Some artists depict the landscape through paint or graphite.
And some use the land as a medium to make sculptures and installations.
But how about an artist who allows the Earth to be the subject matter, medium and creator of its own images?
Meet local photographer Mario Villeneuve.
“This is not my work,” he says, gesturing to his series of earth-toned images now hanging at the Yukon Arts Centre.
Villeneuve calls it the Gaia Series — they are self-portraits of the Earth.
“I’m just Gaia’s assistant; by digging holes in the planet I offer Gaia the chance to express herself,” he says.
At a time when 90 per cent of all photographs are being recorded digitally in bits and bytes, Villeneuve’s Gaia Series has brought photography back to its roots — literally.
With just a series of small holes dug into the dirt Villeneuve turned the Earth into a camera.
He tromped around the Whitehorse outskirts with a shovel and a toolbox; he dug holes in the ground, placed sheet film inside and covered them with a light tight cardboard sheet with a pinhole pricked in the centre.
Then he let nature take its course, so to speak.
The sun exposed the film and Villeneuve was left with an imprint of the surrounding plants, trees and brush.
It’s all trial and error — the exposures are hours, or sometimes days, long, says Villeneuve.
Sometimes the experiment resulted in a successful image and sometimes it didn’t, but that’s in keeping with the spirit of pinhole.
He used the film to print images on cotton rag paper using Van Dyke printing — an historic alternative process in which a mixture of silver nitrates and ferric salts is brushed onto paper to make it light sensitive.
Then he washed the prints in terre vert, one of the oldest pigments used by humans, to give the photos their green tint.
The images are “anti-landscapes,” according to Villeneuve.
And in a territory famous for its sweeping vistas, Villeneuve’s decision to depict what amounts to banal hodgepodges of branches, shrubs and leaves, is puzzling.
But he says it wasn’t his choice to make.
If the Earth were to choose, it would point out the beauty in its non-descript areas and stay far away from all signs of human habitation, he says.
“The planet has been around for much longer than we have and has seen a lot more than monkeys standing on two legs,” says the artist.
Villeneuve has gone through most of his life with a camera around his neck, but he began with more conventional style.
His first job was in a shop in Ottawa working as a darkroom tech developing scientific shots. Then, after moving north to the Yukon, he freelanced photos for both Yukon newspapers for 10 years.
But then it got boring, so he built a sort-of time machine and went back in search of the roots of photography.
Now his work is play.
“It’s like being a kid again,” says Villeneuve. He frequents antique stores looking for old cameras and isn’t surprised if a friend sends a load of expired film from the ‘60s his way.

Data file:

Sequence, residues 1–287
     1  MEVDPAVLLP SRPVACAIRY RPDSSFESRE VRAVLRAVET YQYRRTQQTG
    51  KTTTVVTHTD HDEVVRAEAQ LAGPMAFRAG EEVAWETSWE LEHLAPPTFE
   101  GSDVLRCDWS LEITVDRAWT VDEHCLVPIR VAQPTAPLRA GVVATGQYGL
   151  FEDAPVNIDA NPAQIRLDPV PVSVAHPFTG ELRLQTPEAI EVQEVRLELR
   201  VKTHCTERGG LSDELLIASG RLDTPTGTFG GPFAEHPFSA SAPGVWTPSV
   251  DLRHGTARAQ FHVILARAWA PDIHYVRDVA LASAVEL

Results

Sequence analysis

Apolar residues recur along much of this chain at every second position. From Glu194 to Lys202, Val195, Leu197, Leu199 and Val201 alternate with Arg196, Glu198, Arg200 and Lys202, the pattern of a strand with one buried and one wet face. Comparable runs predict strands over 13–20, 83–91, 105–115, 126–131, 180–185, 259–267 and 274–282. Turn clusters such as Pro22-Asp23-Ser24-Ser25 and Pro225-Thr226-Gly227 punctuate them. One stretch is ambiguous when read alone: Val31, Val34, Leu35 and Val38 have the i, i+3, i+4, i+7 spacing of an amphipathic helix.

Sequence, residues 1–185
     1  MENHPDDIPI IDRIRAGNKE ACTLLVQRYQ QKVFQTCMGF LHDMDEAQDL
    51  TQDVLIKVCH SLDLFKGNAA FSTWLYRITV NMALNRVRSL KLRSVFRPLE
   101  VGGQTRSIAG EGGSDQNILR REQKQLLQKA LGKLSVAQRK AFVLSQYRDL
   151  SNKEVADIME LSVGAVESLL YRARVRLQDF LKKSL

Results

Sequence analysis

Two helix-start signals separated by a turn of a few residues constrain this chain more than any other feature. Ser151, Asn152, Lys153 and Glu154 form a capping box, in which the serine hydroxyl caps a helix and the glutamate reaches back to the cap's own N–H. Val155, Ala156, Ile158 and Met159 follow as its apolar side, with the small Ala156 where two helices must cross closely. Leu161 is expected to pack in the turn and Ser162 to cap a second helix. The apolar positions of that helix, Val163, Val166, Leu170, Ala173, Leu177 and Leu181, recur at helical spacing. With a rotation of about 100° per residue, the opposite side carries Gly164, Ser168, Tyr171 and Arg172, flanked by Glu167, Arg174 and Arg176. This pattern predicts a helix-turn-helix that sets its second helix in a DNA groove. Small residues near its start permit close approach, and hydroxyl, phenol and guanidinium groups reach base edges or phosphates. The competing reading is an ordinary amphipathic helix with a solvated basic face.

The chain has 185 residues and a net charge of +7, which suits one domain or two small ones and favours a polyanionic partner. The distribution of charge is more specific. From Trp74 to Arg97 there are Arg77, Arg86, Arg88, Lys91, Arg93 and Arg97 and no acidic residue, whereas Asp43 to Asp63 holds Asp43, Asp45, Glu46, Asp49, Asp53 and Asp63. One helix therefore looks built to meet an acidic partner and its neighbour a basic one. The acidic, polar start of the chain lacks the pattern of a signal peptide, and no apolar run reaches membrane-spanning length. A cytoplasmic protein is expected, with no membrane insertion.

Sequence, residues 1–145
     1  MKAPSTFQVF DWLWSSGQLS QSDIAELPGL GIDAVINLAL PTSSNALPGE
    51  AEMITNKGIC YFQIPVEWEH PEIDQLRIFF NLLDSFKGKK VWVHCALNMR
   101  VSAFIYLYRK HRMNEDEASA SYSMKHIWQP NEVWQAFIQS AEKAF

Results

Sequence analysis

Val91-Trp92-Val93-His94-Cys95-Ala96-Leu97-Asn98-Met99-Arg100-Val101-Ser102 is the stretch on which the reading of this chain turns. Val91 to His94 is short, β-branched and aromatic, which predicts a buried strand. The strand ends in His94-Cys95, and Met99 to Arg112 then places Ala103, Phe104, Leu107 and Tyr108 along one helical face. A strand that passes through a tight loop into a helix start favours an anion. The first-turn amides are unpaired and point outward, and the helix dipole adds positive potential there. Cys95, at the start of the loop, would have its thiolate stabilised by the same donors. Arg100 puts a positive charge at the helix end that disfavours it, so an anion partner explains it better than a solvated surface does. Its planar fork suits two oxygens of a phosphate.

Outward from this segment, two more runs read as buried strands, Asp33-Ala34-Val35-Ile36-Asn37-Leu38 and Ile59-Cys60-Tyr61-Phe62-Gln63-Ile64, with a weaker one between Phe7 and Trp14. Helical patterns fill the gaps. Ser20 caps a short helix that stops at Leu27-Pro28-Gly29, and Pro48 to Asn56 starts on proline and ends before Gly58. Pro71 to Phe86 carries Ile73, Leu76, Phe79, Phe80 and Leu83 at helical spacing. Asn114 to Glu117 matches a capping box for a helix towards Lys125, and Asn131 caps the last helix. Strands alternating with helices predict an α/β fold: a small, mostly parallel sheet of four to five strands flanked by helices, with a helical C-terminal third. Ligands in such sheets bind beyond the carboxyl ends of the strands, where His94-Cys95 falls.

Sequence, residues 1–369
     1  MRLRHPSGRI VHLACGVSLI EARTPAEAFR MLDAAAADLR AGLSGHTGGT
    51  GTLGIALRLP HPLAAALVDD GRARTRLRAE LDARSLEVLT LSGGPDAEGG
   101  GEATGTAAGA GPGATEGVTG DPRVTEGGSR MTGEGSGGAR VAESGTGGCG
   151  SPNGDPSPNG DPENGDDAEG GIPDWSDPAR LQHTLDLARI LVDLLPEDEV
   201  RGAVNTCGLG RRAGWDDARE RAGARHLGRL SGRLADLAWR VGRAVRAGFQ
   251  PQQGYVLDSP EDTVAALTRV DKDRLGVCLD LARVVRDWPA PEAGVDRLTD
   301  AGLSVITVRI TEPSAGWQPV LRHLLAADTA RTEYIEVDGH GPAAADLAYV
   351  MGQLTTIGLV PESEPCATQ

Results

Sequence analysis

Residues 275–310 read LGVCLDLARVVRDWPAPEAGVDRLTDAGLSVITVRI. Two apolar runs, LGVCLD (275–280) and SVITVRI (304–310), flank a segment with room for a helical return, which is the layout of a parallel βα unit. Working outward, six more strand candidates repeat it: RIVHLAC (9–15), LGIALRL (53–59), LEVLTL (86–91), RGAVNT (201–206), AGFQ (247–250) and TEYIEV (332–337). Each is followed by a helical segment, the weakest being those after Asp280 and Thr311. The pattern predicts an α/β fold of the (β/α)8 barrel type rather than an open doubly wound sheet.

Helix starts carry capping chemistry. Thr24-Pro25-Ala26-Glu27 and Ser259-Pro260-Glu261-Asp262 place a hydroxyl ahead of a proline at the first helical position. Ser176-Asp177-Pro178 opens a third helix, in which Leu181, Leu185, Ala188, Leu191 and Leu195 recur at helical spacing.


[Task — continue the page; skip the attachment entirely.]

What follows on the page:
In his current practice, he’s taken historical photographic processes and brought them into the present day.
It’s a movement in art that’s been cleverly dubbed “antiquarian avant-garde.”
And his current experiments are centred around resurrecting the technique of pinhole photography.
Pinhole photography works just as one would expect from the term itself. Instead of traveling through a lens, it beams through a pinhole onto film.
The images are usually soft but have an infinite depth of field, which means objects in the foreground are as sharp as objects in the background.
To understand Villeneuve’s inspiration, let’s go back in time.
Pinhole photography dates back to the 5th century BC, when Chinese writers realized that passing light through a tiny hole produces an inverted image on a screen, like the camera obscura.
But we don’t have to go that far back.
The term “pinhole” was coined in the 1850s, and the medium rose to popularity in the 1890s when thousands of pinhole cameras were sold in much the same way disposable cameras are sold today.
With the mass production of more complex cameras, pinholes were all but forgotten until the 1960s when artists began experimenting with the technique.
Anything that’s hollow can be used to house the film and, throughout the history of the process, everything has — a station wagon, a house, a tin can, a refrigerator, an oatmeal box, somebody’s mouth and the Earth.
In the 1980s, two photographers, Terrance Dinnan and Dominique Stroobant, dug a hole in the ground and filled it with 82 sheets of light-sensitive paper, which they covered with black plastic with a pin-sized hole in the centre.
Villeneuve credits those two photographers for his inspiration.
“It all came out of the hippy movement,” says Villeneuve with a laugh. “It’s a sort of DIY photography.”
His passion has also garnered him some international acclaim.
This month, he is also part of a group show Rochester, New York, which features artists who work with historical processes in.
The Gaia Series will show at the Yukon Arts Centre until October 29.